Article  CAS  PubMed  Google Scholar 

  7. Brockett C, Warren N, Gregory JE, Morgan DL, Proske U (1997) A comparison of the effects of concentric versus eccentric exercise on force and position sense at the human elbow joint. Brain Res 771:251–258

    Article  CAS  PubMed  Google Scholar 

  8. Byrne C, Twist C, Eston R (2004) Neuromuscular function after exercise-induced muscle damage: theoretical and applied implications. Sports Med 34:49–69

    Article  PubMed  Google Scholar 

  9. Casale R, Ring H, Rainoldi A (2009) High frequency vibration conditioning stimulation centrally reduces myoelectrical manifestation of fatigue in healthy subjects. J Electromyogr Kinesiol 19:998–1004

    Article  PubMed  Google Scholar 

  10. Chapman DW, Newton M, McGuigan M, Nosaka K (2008) Effect of lengthening contraction velocity on muscle damage of the elbow flexors. Med Sci Sports Exerc 40:926–933

    Article  PubMed  Google Scholar 

  11. Clarkson PM, Nosaka K, Braun B (1992) Muscle function after exercise-induced muscle damage and rapid adaptation. Med Sci Sports Exerc 24:512–520

    CAS  PubMed  Google Scholar 

  12. Cochrane DJ (2017) Effectiveness of using wearable vibration therapy to alleviate muscle soreness. Eur J Appl Physiol 117:501–509

    Article  PubMed  Google Scholar 

  13. Cochrane DJ, Loram ID, Stannard SR, Rittweger J (2009) Changes in joint angle, muscle-tendon complex length, muscle contractile tissue displacement, and modulation of EMG activity during acute whole-body vibration. Muscle Nerve 40:420–429

    Article  PubMed  Google Scholar 

  14. Cohen J (1988) Statistical power analysis for the behavioral sciences. Academic Press, London

    Google Scholar 

  15. Edge J, Mündel T, Weir K, Cochrane DJ (2009) The effects of acute whole body vibration as a recovery modality following high-intensity interval training in well-trained, middle-aged runners. Eur J Appl Physiol 105:421–428

    Article  CAS  PubMed  Google Scholar 

  16. Gandevia SC, Enoka RM, McComas AJ, Stuart DG, Thomas CK (1995) Neurobiology of muscle fatigue. Springer, Berlin, pp. 515–525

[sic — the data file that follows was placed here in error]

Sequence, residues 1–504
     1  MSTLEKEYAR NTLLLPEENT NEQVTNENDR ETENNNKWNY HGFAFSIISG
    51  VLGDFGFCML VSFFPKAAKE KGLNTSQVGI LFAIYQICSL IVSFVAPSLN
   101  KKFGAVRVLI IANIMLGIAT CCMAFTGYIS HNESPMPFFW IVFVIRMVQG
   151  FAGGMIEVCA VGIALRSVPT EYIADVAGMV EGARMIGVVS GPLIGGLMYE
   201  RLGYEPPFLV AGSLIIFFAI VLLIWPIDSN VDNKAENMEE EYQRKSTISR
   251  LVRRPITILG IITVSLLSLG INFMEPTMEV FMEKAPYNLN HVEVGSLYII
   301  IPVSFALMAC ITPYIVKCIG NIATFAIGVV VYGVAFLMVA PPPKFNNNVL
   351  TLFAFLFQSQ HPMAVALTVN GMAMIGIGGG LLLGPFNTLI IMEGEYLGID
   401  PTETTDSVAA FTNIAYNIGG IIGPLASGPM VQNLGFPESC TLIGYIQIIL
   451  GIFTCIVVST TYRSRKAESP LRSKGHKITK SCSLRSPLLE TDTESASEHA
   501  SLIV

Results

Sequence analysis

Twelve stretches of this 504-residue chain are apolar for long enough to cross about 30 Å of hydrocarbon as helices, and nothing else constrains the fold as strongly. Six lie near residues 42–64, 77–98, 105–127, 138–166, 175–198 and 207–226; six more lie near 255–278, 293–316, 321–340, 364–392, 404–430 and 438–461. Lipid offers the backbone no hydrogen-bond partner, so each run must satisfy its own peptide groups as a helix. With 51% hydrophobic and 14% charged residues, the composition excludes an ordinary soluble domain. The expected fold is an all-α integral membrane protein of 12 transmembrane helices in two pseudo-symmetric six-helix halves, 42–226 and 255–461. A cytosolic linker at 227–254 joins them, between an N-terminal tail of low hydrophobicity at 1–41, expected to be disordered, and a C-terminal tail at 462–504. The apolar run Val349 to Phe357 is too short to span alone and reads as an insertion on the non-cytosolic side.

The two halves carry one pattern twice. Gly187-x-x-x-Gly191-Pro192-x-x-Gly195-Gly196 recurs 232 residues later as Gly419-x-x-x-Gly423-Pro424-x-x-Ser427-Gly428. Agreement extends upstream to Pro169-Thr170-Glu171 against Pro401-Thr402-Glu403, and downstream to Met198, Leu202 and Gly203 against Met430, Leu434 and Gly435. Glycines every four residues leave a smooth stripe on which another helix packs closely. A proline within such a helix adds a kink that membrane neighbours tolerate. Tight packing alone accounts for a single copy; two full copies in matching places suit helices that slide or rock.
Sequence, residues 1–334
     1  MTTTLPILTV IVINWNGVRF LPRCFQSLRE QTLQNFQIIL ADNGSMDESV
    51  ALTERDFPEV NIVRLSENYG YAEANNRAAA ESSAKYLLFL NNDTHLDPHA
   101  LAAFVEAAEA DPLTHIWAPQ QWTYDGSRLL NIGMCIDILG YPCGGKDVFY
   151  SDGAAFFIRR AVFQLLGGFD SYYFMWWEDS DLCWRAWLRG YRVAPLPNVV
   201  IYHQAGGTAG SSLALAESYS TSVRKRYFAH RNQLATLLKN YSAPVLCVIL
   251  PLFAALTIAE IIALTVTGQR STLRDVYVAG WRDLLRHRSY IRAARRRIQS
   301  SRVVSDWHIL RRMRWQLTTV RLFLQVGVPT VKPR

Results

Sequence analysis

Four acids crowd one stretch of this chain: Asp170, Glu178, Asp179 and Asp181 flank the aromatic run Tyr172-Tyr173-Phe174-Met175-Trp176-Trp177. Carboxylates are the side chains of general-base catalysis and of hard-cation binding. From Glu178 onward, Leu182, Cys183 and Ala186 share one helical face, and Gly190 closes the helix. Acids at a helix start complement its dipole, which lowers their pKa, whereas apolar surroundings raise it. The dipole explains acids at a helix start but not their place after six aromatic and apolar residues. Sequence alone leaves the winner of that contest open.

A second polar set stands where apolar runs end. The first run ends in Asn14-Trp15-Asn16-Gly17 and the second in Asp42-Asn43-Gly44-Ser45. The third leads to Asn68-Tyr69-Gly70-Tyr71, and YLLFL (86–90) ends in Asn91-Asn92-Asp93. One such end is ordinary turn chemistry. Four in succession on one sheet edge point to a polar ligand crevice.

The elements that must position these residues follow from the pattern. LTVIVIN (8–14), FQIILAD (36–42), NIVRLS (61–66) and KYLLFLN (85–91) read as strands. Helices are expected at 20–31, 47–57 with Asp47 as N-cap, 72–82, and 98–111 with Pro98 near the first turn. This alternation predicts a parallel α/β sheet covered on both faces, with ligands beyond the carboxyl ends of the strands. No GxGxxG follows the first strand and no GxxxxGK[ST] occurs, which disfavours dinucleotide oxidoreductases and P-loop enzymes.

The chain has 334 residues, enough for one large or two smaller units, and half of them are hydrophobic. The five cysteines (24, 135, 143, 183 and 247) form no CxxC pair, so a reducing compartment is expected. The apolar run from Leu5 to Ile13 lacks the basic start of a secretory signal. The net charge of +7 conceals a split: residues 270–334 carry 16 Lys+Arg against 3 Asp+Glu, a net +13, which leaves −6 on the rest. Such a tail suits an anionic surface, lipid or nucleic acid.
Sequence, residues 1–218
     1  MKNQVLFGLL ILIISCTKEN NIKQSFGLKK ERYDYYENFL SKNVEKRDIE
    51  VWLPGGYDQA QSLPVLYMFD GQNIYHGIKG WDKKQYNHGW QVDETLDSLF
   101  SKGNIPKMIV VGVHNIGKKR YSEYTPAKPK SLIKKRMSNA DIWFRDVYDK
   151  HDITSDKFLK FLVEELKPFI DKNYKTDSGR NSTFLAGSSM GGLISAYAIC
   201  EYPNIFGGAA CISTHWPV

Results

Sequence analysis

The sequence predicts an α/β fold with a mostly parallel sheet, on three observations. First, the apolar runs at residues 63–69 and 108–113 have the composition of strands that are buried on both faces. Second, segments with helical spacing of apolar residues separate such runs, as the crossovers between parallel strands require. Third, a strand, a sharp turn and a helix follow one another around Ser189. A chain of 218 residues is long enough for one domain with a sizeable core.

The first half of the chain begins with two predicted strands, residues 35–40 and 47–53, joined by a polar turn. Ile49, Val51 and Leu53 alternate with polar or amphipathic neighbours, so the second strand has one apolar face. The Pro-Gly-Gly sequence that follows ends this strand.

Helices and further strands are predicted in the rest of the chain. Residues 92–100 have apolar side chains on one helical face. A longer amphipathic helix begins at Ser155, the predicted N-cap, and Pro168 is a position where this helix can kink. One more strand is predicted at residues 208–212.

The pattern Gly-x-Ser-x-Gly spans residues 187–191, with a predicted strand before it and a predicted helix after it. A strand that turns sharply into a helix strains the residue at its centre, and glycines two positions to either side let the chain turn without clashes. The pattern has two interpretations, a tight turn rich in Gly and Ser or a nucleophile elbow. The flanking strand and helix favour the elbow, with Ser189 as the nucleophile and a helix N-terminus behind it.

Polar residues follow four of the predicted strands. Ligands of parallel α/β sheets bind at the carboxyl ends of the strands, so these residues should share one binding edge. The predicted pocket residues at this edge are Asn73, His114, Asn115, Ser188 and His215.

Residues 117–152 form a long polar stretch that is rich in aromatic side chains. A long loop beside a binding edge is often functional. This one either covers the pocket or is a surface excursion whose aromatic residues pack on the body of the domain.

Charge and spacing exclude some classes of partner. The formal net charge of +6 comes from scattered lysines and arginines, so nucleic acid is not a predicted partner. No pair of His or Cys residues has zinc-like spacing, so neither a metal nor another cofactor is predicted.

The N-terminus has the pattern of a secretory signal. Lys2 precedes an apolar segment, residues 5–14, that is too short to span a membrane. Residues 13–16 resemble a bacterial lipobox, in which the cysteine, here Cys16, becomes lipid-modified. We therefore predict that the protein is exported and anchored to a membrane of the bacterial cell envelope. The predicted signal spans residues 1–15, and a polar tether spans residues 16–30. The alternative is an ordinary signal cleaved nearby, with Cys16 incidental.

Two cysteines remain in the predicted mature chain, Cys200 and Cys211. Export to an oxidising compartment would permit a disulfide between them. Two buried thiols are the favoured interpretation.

Google Scholar 

  17. Grimshaw P (2007) Sport and exercise biomechanics. Taylor & Francis Group, New York

    Google Scholar 

  18. Holland PW, Welsch RE (1977) Robust regression using iteratively reweighted least-squares. Commun Stat Theory Methods 6:813–827

    Article  Google Scholar 

  19. Howatson G, Goodall S, van Someren KA (2009) The influence of cold water immersions on adaptation following a single bout of damaging exercise. Eur J Appl Physiol 105:615–621

    Article  PubMed  Google Scholar 

  20. Iodice P, Bellomo RG, Gialluca G, Fanò G, Saggini R (2011) Acute and cumulative effects of focused high-frequency vibrations on the endocrine system and muscle strength. Eur J Appl Physiol 111:897–904

    Article  CAS  PubMed  Google Scholar 

  21. Iodice P, Cesinaro S, Romani GL, Pezzulo G (2015a) More gain less pain: balance control learning shifts the activation patterns of leg and neck muscles and increases muscular parsimony. Exp Brain Res 233:2103–2114

    Article  PubMed  Google Scholar 

  22. Iodice P, Scuderi N, Saggini R, Pezzulo G (2015b) Multiple timescales of body schema reorganization due to plastic surgery. Hum Mov Sci 42:54–70

    Article  PubMed  Google Scholar 

  23. Kellis E, Baltzopoulos V (1996) Resistive eccentric exercise: effects of visual feedback on maximum moment of knee extensors and flexors. J Orthop Sport Phys Ther 23:120–124

    Article  CAS  Google Scholar 

  24. Kennedy DS, McNeil CJ, Gandevia SC, Taylor JL (2014) Fatigue-related firing of distal muscle nociceptors reduces voluntary activation of proximal muscles of the same limb. J Appl Physiol 116:385–394

    Article  PubMed  Google Scholar